Erick T, 27, Los Angeles, Born in Mexico City
I’m starting my second semester of law school after growing up thinking that I should limit my expectations because of poverty and few professional role models. But my parents had faith in me and encouraged me to work toward a better future.
If my parents could come to the States knowing no one and struggle as they did, even sleeping in their car, then I could push myself to make something of the opportunities they had provided. My mom brought me to this country 24 years ago as a toddler. My father had come earlier to find work. Fortunately, we come from a family of immigrants. My Russian grandfather was a World War II refugee who made a new life for himself in Mexico. Decades later, it was our turn to start over.
I really never knew I was undocumented until high school when identification is required for work, driving and financial aid for college. Without the proper papers, I felt my world close in and thought my future was limited. But my mom and dad kept pushing me to aim higher. I enrolled in community college and studied business administration. It was here I saw possibilities. It was here I became ambitious. My sweetheart, whom I met right after high school, joined me in college and we kept each other going, marrying in our third year at Santa Monica College. It took me four years to get through community college because I had to work. I was finally able to transfer to Cal State L.A. My wife and I had done it together.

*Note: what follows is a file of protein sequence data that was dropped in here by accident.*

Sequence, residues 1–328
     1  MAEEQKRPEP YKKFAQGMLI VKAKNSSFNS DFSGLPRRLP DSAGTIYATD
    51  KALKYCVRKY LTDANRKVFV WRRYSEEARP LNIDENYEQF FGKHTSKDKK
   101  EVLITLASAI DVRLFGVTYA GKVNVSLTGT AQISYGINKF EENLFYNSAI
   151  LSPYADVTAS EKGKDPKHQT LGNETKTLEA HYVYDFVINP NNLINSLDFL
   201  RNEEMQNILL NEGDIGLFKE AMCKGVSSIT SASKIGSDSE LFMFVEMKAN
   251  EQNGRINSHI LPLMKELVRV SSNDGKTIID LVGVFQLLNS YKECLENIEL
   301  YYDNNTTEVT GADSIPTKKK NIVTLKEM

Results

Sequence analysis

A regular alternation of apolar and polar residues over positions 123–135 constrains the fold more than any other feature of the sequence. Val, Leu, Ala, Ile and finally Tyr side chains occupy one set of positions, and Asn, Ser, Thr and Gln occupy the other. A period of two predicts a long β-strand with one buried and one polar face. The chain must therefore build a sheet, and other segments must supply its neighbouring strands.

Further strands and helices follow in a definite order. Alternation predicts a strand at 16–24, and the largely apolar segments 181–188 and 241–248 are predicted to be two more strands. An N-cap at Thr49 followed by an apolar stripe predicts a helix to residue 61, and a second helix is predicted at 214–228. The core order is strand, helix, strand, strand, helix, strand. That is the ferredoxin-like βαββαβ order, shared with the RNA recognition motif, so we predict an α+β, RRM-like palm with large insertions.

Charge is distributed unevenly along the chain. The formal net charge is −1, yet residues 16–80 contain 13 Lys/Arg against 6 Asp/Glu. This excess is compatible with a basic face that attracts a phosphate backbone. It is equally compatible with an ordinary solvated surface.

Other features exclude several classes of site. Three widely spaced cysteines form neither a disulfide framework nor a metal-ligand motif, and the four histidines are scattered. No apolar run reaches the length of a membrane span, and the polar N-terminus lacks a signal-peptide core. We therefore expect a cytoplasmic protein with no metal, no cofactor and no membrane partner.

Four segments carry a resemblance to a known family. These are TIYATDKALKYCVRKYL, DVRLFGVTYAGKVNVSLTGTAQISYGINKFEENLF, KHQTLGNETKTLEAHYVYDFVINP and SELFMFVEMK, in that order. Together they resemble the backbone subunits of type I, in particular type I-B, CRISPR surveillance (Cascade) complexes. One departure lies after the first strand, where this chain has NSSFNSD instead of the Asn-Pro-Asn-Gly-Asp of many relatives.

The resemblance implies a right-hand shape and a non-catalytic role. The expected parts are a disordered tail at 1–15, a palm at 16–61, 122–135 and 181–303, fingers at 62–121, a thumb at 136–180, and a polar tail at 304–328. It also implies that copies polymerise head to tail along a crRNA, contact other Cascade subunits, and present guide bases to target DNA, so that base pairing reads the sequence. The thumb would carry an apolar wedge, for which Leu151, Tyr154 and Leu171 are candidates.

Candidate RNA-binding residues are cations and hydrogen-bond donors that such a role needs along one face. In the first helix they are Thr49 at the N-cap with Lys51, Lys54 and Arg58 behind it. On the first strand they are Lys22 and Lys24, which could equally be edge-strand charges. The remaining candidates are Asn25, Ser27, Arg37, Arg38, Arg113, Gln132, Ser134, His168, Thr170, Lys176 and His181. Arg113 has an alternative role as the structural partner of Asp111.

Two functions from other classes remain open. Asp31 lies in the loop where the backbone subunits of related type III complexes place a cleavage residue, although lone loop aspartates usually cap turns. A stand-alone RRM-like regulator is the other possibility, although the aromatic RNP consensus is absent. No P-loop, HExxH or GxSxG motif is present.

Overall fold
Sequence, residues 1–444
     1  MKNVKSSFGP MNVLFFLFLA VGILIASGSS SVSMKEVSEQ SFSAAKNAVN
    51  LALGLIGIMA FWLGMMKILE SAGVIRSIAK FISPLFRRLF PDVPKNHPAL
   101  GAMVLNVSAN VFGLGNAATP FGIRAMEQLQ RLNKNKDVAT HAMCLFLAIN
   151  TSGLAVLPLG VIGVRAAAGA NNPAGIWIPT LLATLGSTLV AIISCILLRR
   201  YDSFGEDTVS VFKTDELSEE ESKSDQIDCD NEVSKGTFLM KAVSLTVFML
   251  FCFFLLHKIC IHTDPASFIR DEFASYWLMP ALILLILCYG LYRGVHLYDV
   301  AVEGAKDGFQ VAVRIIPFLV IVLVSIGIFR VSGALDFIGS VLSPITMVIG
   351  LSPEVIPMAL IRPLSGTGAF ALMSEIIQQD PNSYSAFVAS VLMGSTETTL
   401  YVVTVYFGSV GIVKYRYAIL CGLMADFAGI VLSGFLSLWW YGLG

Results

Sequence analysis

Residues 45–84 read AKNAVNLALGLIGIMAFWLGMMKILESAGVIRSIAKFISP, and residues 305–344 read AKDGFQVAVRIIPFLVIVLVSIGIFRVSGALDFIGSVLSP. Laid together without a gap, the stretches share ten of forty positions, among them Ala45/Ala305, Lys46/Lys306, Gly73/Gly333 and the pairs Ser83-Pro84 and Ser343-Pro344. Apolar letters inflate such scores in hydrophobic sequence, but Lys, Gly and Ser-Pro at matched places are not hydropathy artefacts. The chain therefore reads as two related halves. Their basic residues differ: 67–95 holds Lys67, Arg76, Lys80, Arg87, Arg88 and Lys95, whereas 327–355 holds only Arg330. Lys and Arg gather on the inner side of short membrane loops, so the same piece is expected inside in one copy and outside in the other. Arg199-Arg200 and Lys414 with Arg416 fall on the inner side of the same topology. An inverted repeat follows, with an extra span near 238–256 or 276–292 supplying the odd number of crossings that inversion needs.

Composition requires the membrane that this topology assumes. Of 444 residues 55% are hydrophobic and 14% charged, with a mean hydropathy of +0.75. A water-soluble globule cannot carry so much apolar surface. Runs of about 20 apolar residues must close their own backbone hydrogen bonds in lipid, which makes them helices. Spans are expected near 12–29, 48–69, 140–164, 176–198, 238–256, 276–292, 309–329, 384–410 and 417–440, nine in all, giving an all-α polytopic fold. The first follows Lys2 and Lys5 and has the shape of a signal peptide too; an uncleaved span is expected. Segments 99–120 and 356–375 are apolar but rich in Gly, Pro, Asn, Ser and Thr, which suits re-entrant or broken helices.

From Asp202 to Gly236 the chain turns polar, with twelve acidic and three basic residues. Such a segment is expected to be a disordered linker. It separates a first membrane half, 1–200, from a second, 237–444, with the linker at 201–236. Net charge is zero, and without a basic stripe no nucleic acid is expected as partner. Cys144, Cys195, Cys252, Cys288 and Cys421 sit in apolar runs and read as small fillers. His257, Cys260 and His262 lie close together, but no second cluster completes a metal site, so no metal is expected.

We fought for passage of the failed Dream Act and I took advantage of DACA when President Obama signed his executive order. So I can live with less fear and more hope. My wife is a U.S. citizen and she has petitioned for residency for me.
After college, I worked for two years in real estate improving my LSAT scores and saving money for law school. I now attend Southwestern Law School in Los Angeles and hope to focus my practice on environmental law. My wife has her business degree and works in administration at one of L.A.’s leading hospitals.
I now have a goal in sight and have worked long and hard to get where I am. I know there is much more to do, and though I may not be the brightest, I’m the most tenacious. I’m not giving up on my dream, a dream I didn’t dare embrace at first. My parents taught me to believe in myself and I’ve been helped by others along the way. I feel it’s my responsibility to give back whenever I can as a way of showing my appreciation for those who encouraged me. I also hope my story inspires those who contemplate giving up.
I consider myself an American because I admire and hold dear the philosophies of this nation, the opportunities to realize our dreams, to work hard and achieve our full potential. I have earned my citizenship by appreciating and building on the nation’s highest ideals.